Your message struck a personal chord with me because my best guy friend is an ENFJ and behaved similarly to what you are describing (though ENFJs and the relationships with them all vary). After a pretty serious problem in the friendship arose, he shut down. He only spoke to me in short, matter-of-fact sentences, that indicated he was upset with me but then when I asked about it (several times), he would not acknowledge that he was upset or mad at me. When I’d ask to hang out, there would be excuses when before there were none and when we did eventually hang out, it seemed like he just agreed so I wouldn’t get mad at him for not being available. In person, his entire demeanor changed. No jokes, no positivity; only a cynical anger at the entire world and despondent eyes. I couldn’t take it. I had tried to get him to open up but after being met repeatedly with a brick wall, I decided the only thing I could do was to give him space. I would contact him every once and a while and if I was met with the wall again, I’d give him more space. Eventually, after a few months of giving him space, I contacted him again and his dark cloud had lifted. He’s still not 100% the way he was but I can be his friend again and that’s all I wanted. The rest is up to him. I know now that I can’t be responsible for his happiness.
This story may or may not bring you any comfort because I know that not contacting a significant other for months isn’t the same as not contacting a friend. You can’t give a partner space like you can a friend and still have them be there for you. And I also can’t guarantee that this will help. I didn’t know if the right thing to do was to give him space. All I can say was that in my case it did help. Still, my advice would be to take a break, as difficult as that is, because you’ve done everything else there is to do. Kindly tell him everything that you feel needs to be said for his sake and yours and then give him space. This may work, or it may not. We don’t know because it is entirely up to him. If he comes back to you then great, but if he doesn’t, know that you did everything you could.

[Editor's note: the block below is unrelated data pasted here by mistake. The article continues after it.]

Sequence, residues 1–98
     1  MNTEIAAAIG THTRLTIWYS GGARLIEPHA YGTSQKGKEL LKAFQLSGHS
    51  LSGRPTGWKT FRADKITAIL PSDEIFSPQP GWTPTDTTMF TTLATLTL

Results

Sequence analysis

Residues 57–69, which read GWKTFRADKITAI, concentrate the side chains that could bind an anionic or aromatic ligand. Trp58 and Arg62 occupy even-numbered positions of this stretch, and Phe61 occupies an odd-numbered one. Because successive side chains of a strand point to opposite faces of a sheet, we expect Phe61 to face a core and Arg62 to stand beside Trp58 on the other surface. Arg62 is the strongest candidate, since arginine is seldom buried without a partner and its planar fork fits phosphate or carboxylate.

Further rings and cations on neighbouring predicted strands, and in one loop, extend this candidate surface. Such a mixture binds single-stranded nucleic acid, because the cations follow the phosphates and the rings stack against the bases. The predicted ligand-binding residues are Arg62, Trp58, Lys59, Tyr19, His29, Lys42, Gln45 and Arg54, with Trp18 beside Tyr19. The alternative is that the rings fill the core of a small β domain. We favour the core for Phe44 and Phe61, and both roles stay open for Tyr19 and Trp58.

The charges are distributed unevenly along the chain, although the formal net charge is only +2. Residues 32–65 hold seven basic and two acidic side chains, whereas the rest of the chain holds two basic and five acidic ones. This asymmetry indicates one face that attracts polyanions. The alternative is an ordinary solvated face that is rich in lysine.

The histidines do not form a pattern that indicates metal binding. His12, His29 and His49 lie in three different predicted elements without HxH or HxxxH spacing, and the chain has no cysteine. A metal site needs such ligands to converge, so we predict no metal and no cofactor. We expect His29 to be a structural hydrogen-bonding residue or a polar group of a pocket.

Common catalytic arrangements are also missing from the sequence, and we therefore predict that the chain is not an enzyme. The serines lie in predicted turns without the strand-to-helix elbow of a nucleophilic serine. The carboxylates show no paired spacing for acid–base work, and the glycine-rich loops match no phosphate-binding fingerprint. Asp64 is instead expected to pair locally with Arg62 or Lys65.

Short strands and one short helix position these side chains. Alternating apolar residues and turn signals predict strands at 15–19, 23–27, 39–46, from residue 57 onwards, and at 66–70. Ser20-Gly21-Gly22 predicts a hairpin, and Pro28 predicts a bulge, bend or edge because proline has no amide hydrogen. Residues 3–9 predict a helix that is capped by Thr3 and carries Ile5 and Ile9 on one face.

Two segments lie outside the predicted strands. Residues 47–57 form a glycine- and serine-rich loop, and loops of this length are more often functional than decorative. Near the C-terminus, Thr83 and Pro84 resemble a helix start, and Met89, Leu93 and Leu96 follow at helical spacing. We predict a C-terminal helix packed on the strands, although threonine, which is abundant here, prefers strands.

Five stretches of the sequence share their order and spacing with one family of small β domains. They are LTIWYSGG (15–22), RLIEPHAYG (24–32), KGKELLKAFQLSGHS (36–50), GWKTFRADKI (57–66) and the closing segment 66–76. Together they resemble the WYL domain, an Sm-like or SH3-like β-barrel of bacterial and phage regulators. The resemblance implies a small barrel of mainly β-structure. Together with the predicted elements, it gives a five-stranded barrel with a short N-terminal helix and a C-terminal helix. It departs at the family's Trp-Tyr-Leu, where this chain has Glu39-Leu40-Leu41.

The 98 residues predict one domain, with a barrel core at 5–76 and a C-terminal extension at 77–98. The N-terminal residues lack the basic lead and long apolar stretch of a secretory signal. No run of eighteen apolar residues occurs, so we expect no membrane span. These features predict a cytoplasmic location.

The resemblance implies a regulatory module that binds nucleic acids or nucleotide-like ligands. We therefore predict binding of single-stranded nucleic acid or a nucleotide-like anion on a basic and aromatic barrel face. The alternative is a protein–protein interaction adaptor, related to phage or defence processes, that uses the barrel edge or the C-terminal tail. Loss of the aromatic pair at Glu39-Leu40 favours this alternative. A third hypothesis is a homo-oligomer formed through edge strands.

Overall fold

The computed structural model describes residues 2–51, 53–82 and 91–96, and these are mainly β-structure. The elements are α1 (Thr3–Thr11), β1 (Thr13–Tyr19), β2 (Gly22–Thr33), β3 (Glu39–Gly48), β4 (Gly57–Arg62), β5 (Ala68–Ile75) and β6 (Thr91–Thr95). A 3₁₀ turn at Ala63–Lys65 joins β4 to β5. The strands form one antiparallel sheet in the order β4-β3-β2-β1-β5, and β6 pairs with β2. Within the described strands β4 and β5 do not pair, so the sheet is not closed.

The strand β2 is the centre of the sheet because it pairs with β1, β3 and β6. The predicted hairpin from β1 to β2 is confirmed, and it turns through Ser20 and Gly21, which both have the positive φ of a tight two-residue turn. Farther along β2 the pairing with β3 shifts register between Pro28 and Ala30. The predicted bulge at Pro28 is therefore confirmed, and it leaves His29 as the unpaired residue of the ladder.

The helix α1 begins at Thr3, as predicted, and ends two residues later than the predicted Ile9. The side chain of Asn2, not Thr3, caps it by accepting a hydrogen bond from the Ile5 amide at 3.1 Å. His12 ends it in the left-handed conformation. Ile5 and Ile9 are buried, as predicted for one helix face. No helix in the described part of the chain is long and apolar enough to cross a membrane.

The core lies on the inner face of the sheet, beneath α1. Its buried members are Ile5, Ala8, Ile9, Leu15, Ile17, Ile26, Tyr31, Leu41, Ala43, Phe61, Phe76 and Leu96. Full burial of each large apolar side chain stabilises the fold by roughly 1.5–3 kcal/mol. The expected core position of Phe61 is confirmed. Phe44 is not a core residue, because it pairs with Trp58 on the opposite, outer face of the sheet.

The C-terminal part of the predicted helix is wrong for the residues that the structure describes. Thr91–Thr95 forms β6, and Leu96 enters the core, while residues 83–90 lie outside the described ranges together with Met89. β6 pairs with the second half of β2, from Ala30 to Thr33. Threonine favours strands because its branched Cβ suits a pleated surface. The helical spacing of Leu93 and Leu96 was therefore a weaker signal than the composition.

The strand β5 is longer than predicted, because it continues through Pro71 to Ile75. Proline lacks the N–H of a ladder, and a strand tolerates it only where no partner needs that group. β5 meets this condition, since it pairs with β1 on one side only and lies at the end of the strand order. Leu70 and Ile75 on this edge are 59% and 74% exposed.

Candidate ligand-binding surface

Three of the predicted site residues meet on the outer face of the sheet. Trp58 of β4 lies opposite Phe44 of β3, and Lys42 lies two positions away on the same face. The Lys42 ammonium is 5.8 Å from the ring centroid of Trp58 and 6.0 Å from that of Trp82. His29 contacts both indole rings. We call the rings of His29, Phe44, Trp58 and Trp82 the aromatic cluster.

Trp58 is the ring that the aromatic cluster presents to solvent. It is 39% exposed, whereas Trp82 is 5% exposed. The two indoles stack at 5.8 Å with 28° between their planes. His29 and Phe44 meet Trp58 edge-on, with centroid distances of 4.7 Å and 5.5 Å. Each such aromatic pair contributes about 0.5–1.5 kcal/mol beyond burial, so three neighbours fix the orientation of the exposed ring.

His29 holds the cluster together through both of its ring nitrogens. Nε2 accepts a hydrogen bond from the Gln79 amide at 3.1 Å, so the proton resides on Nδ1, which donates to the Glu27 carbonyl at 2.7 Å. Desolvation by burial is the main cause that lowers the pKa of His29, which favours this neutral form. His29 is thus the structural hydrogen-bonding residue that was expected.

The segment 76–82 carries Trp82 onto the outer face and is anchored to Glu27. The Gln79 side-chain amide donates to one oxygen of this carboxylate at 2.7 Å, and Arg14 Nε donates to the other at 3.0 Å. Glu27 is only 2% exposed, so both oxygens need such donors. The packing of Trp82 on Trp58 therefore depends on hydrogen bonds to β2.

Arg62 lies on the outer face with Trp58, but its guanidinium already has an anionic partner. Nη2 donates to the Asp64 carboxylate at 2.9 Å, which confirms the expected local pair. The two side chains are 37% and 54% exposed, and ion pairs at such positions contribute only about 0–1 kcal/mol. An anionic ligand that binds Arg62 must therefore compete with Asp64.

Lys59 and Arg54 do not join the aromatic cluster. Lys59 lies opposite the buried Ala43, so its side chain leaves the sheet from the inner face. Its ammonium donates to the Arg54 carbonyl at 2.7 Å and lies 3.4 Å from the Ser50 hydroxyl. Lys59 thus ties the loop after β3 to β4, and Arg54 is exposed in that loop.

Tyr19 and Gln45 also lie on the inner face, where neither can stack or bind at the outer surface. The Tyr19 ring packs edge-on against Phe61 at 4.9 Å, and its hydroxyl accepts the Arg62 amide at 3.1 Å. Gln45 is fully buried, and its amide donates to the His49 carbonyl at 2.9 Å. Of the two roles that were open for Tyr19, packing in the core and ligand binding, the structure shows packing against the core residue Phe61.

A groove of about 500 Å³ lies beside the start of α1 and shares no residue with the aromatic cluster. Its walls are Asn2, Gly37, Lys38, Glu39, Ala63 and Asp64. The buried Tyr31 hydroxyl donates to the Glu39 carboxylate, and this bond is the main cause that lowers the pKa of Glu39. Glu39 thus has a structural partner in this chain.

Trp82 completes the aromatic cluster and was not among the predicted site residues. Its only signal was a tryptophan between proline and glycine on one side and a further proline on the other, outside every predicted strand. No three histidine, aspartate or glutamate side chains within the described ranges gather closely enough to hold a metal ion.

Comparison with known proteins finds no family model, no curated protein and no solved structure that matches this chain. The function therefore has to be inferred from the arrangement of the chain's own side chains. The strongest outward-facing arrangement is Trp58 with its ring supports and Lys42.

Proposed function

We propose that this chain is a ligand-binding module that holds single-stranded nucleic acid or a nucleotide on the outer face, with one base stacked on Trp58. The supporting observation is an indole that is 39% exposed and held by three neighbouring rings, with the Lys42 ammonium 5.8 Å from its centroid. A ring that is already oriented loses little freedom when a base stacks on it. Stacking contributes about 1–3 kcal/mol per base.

People have to learn to take responsibility of their own emotions in relationships, not just the emotions they can evoke in their partners. If you’re feeling down, that is going to upset your partner-not just you-because you are a unit. Which is all the more reason to place a lot of importance on self-care. Being good to yourself truly is being good to your partner as well. If you love your partner and want to do right by them, you have to love yourself first.
I think INFJs and ENFJs need to take heed of this lesson especially. Being the extroverted feeling NFs, our strong idealistic feelings have a tendency to focus too much on making the other person happy over ourselves which can cause major problems if we ignore things that we need as well. And even though INFJs like to think of themselves as the biggest martyrs with the scariest dark sides when pushed too far or asked to give too much, nothing scares me more than the Mr. Hyde side of an ENFJ.
On that lovely note, best of wishes my dear, and I hope your Mr. Hyde turns back into Dr. Jekyll soon but if not, know that every failed relationship is just practice for the next, and possibly final, one.